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Dispelling Medicaid Myths – Part 1

Written by: Jeremy Pryor

Posted on: May 17, 2024

Couple care facility with nurse

Over the next few weeks, we will be sharing a series of articles from The Senex e-newsletter where Jeremy Pryor, elder law attorney at Carrell Blanton Ferris, will dispel myths regarding the Medicaid program.

This week we would like to begin a short series on dispelling a few myths regarding the Medicaid program. While much could be written on this subject, we think it important to start with one of the most frequent and consequential myths we encounter: the myth that Medicaid is (only) for poor people. In our experience, most families and individuals we speak with are under the impression that to be eligible for Medicaid you have to become poor. Like most of the best lies, this one includes an element of truth, but it’s a truth that serves to deceive. Yes—it is true that Medicaid imposes income and asset restrictions on an individual’s eligibility. But these restrictions do not serve to require impoverishment, rather they prevent it. Don’t believe us? Here’s a quote from the Medicaid Manual:

“These rules are intended to prevent the impoverishment of a spouse living in the community when the other spouse enters long-term care.”  -M1480.000.A

When the federal government established the Medicaid program, one of its goals was to prevent people—especially spouses—from becoming impoverished by the cost of long-term care. Just as Social Security was intended to ensure income and avoid destitution, so Medicaid was intended to ensure a payment source for long-term care costs for the same reason. We all contribute our tax dollars to the program so that none of us end up needing care and not being able to pay for it or bankrupting our spouses and children to pay for our care needs. In other words, the needs of individual shouldn’t lead to financial ruin for the family. Sadly, too many people assume that the Medicaid program has nothing to offer them when confronting high long-term care costs because they assume that it can only help them if they have absolutely nothing left. It’s just not true.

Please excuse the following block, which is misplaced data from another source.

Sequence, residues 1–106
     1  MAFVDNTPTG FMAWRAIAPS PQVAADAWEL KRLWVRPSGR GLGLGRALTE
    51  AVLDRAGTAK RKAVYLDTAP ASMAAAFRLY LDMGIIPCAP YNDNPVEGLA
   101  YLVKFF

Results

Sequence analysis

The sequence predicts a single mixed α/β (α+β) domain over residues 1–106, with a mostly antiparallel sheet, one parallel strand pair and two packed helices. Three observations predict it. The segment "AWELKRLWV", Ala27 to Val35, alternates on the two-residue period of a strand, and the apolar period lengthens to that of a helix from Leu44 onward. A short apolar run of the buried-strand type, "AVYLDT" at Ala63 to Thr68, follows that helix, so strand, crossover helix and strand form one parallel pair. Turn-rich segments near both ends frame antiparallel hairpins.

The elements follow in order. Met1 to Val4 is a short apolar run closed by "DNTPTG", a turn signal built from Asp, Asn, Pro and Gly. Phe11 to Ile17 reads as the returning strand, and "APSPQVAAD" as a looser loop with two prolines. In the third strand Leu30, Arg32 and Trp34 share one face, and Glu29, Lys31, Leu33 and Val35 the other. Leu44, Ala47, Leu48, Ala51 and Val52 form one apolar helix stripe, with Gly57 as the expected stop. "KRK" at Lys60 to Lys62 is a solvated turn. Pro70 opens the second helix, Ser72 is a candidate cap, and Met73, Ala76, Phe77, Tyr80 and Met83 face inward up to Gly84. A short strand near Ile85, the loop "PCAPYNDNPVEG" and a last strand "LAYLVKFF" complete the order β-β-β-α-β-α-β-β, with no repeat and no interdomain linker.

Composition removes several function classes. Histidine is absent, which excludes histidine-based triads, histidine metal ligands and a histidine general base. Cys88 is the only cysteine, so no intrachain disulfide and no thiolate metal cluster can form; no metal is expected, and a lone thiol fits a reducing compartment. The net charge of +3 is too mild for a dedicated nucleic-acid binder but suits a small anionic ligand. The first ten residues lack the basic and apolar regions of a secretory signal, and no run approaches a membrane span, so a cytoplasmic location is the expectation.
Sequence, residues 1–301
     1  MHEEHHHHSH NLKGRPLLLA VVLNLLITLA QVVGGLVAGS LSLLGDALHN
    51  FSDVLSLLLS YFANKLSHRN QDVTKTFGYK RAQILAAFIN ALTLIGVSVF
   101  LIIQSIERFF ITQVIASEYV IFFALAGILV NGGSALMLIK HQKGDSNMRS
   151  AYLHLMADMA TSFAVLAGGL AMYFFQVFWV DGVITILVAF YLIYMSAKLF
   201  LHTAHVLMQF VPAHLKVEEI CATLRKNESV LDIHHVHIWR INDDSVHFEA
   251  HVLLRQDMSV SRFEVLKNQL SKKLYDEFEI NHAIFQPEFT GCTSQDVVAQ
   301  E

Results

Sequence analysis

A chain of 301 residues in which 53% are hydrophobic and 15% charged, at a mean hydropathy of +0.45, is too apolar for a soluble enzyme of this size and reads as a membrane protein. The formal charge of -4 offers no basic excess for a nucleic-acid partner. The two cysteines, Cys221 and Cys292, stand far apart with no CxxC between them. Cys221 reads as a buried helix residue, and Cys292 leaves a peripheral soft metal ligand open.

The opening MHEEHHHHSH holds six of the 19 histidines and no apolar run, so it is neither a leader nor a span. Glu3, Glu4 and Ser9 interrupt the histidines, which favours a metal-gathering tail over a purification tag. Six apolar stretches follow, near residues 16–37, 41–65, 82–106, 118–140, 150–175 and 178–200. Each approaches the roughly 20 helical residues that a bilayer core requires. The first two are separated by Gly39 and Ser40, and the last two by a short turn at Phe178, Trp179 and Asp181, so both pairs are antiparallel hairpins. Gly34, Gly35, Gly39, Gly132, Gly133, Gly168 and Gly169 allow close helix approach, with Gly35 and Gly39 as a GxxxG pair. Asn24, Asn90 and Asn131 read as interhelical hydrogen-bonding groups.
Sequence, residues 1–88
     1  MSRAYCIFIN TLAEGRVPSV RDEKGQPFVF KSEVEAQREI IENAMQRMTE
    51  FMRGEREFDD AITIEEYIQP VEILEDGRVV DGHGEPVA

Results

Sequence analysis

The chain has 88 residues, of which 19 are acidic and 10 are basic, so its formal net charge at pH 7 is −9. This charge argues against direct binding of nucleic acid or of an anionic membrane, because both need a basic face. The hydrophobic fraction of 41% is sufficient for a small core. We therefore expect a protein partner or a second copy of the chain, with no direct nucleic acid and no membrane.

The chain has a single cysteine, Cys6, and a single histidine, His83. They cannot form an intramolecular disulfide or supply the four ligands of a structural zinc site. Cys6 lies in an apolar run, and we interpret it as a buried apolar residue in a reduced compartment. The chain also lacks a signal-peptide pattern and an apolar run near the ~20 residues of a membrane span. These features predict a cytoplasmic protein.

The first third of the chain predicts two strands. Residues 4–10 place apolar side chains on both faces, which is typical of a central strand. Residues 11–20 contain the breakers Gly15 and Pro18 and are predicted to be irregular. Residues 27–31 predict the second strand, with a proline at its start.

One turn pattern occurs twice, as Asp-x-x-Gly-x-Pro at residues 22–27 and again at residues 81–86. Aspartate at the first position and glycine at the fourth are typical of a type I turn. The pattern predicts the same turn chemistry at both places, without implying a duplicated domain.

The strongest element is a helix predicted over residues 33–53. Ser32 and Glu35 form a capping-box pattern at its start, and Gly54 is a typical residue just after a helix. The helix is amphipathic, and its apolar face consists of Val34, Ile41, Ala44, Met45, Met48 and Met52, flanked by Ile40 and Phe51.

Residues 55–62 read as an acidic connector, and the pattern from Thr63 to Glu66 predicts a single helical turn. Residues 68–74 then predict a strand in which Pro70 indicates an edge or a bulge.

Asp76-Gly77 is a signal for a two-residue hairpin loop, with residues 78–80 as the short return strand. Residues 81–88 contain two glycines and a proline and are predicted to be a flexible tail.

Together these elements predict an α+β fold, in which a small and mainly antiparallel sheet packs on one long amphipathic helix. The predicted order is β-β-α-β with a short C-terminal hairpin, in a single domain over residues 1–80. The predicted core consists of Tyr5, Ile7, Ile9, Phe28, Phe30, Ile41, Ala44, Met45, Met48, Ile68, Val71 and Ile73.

We’ll look at another common Medicaid myth in a couple weeks, but if you have any clients that need help with Medicaid qualification or questions about how Medicaid might offer a payment solution for someone you know in the meantime, we hope you’ll let us know.

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